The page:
In the oil and gas industry, acoustic transducers have been found to provide valuable geological sonic information such as compressional wave velocity, shear wave velocity, and rock formation slowness. These data can be used to indicate lithology, determine porosity, detect over-pressured formation zones, and check well to well correlation. One category of such acoustic transducers is equipped with piezoelectric elements. Conventional piezoelectric transducers are packaged by epoxy resin. Because of the liquid nature of uncured epoxy resin, it is difficult to position the piezoelectric elements accurately. The introduction of polyether ether ketone (PEEK) as the packaging material solved this issue. Due to the ease of machining on solid form, architectures of the composite acoustic transducers can be devised with great flexibility and creativity. These designs can be modeled with finite element methods (FEM) and the best design for the oil drilling application can be finalized and fabricated. COMSOL Multiphysics® solves problems in a programming environment that integrates relevant physics. In this case, it includes electrical circuit, solid mechanics, acoustics, and piezoelectricity. Here a compete model and procedure to study the performance of an architected composite acoustic transducer is provided. The displacement analysis gives insights into the resonance modes of the piezoelectric elements. The acoustics analysis gives the necessary information on the acoustic performance of the transducers, such as acoustic pressure spatial distribution, acoustic pressure frequency response, transmitting voltage response, and directivity. These are important criteria to judge the effectiveness of an architected transducer.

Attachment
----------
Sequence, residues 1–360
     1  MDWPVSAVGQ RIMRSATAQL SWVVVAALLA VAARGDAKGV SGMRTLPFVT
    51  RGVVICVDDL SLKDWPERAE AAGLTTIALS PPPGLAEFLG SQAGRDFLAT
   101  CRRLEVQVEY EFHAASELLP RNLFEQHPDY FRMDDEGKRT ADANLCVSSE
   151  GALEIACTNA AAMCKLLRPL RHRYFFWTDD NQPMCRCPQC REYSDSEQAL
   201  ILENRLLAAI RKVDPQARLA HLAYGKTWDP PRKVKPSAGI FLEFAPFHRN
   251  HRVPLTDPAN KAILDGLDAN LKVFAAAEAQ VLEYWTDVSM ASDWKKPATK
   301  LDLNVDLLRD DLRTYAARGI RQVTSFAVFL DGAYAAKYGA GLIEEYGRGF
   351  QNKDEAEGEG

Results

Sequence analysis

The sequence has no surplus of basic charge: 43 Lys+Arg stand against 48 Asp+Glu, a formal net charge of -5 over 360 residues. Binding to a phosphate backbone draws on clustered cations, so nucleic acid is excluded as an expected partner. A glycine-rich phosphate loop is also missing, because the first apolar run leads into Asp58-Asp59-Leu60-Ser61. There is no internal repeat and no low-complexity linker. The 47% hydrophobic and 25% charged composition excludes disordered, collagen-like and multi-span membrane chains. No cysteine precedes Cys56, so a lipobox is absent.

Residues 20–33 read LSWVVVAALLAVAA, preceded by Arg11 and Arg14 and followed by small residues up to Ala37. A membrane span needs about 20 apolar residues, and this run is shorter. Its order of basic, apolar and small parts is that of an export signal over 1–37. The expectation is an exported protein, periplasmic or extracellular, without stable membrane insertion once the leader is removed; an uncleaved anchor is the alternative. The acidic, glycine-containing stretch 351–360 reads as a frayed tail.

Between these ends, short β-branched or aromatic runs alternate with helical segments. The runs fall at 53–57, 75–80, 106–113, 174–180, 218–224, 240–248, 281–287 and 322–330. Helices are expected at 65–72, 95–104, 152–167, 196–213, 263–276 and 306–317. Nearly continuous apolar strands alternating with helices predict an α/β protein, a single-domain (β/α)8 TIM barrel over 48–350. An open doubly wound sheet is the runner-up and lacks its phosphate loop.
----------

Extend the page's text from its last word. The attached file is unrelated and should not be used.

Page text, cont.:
All Science Journal Classification (ASJC) codes
- Mechanical Engineering
- Mechanics of Materials
- Materials Science(all)
- Condensed Matter Physics